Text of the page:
Baker & Taylor The Africa correspondent for The Economist forecasts the effects of apartheid's dismantling in South Africa with predictions about the shape of the new government, reactions from the white minority, and economic growth. 12,500 first printing.
Blackwell North Amer The era of white minority rule in South Africa is all but over. Nearly every day, the front pages of newspapers around the world chronicle the amazing transformation of the country and the dismantling of apartheid. These dramatic changes have occurred with bewildering speed; not even the most optimistic observer of South African politics could have predicted that within eighteen months we would see the unbanning of the African National Congress, the release of Nelson Mandela, the repeal of the racial classification laws, and the end of U.S. sanctions. The collapse of apartheid, like the collapse of communism, marks a revolutionary and exhilarating triumph of human rights over oppression. Sebastian Mallaby, the Africa correspondent for The Economist, poses the tough questions that confront South Africa as it leaves apartheid behind. Will the country manage to avoid the instability that followed the collapse of white rule elsewhere in Africa? Can rival black liberation movements be reconciled? Will white South Africans be persuaded to remain in the country along with their money and skills? And will black politicians, who for decades have struggled to break down apartheid, prove equal to the challenge of building a new order in its place? Drawing on keen observations of other African nations and on interviews with a wide variety of politicians, township leaders, and businessmen, Mallaby examines the interlocking conflicts that will determine South Africa's future. He discusses the quest for a new constitution, the problem of AIDS, the continuity of tribal tensions, the threat of a violent white backlash, and the possible redistribution of white-owned land. He also examines the growing tensions between the country's sophisticated first-world economy and its third-world social structure--and the implications for South Africa's neighbors and for Western investors. Combining colorful anecdotes with a perceptive analysis, After Apartheid is a timely and penetrating look at a country whose potential is as enormous as the problems it faces.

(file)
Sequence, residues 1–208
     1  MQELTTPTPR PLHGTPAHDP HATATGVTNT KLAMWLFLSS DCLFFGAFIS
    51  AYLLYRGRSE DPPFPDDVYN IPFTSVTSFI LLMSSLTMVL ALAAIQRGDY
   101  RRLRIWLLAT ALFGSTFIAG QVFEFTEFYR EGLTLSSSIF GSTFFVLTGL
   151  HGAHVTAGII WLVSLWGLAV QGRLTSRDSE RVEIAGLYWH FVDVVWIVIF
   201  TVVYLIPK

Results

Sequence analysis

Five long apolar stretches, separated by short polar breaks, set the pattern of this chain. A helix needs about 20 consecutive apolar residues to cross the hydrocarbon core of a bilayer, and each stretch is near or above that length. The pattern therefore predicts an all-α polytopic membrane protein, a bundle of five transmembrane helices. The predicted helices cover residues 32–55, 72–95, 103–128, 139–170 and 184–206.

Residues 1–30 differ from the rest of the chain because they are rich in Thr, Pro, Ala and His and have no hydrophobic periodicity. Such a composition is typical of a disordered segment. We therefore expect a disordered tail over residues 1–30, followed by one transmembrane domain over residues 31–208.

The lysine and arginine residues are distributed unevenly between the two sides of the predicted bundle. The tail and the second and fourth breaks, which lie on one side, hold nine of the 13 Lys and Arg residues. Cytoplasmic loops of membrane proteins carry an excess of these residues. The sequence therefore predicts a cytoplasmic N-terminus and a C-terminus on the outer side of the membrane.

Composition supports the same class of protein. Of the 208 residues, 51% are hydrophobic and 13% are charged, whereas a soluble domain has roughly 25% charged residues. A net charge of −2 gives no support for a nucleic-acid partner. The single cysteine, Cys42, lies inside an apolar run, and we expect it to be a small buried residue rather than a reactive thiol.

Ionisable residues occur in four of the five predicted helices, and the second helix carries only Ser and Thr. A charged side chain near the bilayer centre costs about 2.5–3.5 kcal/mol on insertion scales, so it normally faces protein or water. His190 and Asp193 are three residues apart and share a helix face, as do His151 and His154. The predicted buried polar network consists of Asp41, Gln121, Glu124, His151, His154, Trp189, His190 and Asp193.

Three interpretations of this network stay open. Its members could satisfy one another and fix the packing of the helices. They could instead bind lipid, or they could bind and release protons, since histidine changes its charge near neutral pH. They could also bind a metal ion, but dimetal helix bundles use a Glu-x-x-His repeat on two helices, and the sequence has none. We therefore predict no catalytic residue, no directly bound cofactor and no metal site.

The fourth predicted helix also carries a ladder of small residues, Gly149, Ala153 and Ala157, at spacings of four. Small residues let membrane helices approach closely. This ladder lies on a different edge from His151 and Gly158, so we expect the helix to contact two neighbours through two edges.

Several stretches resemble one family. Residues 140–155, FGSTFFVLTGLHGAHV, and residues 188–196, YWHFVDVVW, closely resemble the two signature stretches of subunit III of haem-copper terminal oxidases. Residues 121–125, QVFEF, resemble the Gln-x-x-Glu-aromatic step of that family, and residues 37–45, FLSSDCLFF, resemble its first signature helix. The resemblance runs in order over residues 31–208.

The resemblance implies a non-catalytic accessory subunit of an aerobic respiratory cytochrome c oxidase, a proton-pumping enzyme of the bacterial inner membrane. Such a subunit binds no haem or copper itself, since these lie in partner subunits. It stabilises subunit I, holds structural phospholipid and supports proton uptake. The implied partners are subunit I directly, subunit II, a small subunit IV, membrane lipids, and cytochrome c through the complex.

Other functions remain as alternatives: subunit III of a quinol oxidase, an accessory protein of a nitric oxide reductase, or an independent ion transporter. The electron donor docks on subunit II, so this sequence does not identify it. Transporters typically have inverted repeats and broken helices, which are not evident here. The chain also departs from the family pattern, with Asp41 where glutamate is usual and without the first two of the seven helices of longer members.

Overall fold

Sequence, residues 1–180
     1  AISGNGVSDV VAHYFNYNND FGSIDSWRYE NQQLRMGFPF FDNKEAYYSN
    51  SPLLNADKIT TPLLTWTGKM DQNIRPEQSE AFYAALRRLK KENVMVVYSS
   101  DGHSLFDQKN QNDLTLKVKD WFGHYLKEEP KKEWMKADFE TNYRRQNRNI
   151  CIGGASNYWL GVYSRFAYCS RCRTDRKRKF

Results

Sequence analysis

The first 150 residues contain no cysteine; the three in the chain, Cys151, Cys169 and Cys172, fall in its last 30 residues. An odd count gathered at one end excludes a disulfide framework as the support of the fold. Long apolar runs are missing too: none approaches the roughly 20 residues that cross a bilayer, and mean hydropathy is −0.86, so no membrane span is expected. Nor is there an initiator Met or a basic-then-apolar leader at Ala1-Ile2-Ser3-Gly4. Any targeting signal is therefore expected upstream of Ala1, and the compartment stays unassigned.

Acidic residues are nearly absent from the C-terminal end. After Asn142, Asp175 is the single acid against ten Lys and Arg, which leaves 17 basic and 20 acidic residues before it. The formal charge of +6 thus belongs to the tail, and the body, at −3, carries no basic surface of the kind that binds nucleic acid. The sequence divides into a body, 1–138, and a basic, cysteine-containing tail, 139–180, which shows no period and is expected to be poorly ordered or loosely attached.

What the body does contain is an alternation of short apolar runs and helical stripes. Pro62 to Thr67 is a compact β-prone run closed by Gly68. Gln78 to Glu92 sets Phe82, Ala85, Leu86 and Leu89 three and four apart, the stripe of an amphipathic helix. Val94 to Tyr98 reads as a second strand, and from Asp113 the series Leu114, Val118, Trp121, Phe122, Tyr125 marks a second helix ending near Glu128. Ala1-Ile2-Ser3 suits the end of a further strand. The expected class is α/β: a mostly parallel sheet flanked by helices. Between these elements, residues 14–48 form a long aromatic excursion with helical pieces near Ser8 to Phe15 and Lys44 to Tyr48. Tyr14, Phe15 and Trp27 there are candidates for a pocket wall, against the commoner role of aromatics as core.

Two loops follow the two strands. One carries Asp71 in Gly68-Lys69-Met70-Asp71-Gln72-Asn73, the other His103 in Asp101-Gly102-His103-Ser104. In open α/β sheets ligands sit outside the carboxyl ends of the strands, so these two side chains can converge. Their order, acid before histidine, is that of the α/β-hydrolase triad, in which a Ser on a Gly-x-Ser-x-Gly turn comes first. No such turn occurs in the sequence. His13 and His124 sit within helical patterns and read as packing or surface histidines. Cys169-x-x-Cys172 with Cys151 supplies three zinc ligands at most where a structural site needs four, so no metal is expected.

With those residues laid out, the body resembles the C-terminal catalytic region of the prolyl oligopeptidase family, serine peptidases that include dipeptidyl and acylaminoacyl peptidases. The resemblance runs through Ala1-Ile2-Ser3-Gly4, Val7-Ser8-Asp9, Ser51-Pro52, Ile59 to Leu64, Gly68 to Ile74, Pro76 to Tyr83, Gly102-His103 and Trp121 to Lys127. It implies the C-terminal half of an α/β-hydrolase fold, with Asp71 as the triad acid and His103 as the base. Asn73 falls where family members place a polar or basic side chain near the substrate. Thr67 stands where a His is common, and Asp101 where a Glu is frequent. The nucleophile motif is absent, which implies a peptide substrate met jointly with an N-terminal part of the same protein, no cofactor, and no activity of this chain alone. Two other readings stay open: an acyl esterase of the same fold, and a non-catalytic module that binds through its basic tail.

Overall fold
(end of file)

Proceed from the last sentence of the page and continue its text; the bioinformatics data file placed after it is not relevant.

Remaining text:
Baker & Taylor The Africa correspondent for The Economist forecasts the effects of apartheid's dismantling in South Africa with predictions about the shape of the new government, reactions from the white minority, and economic growth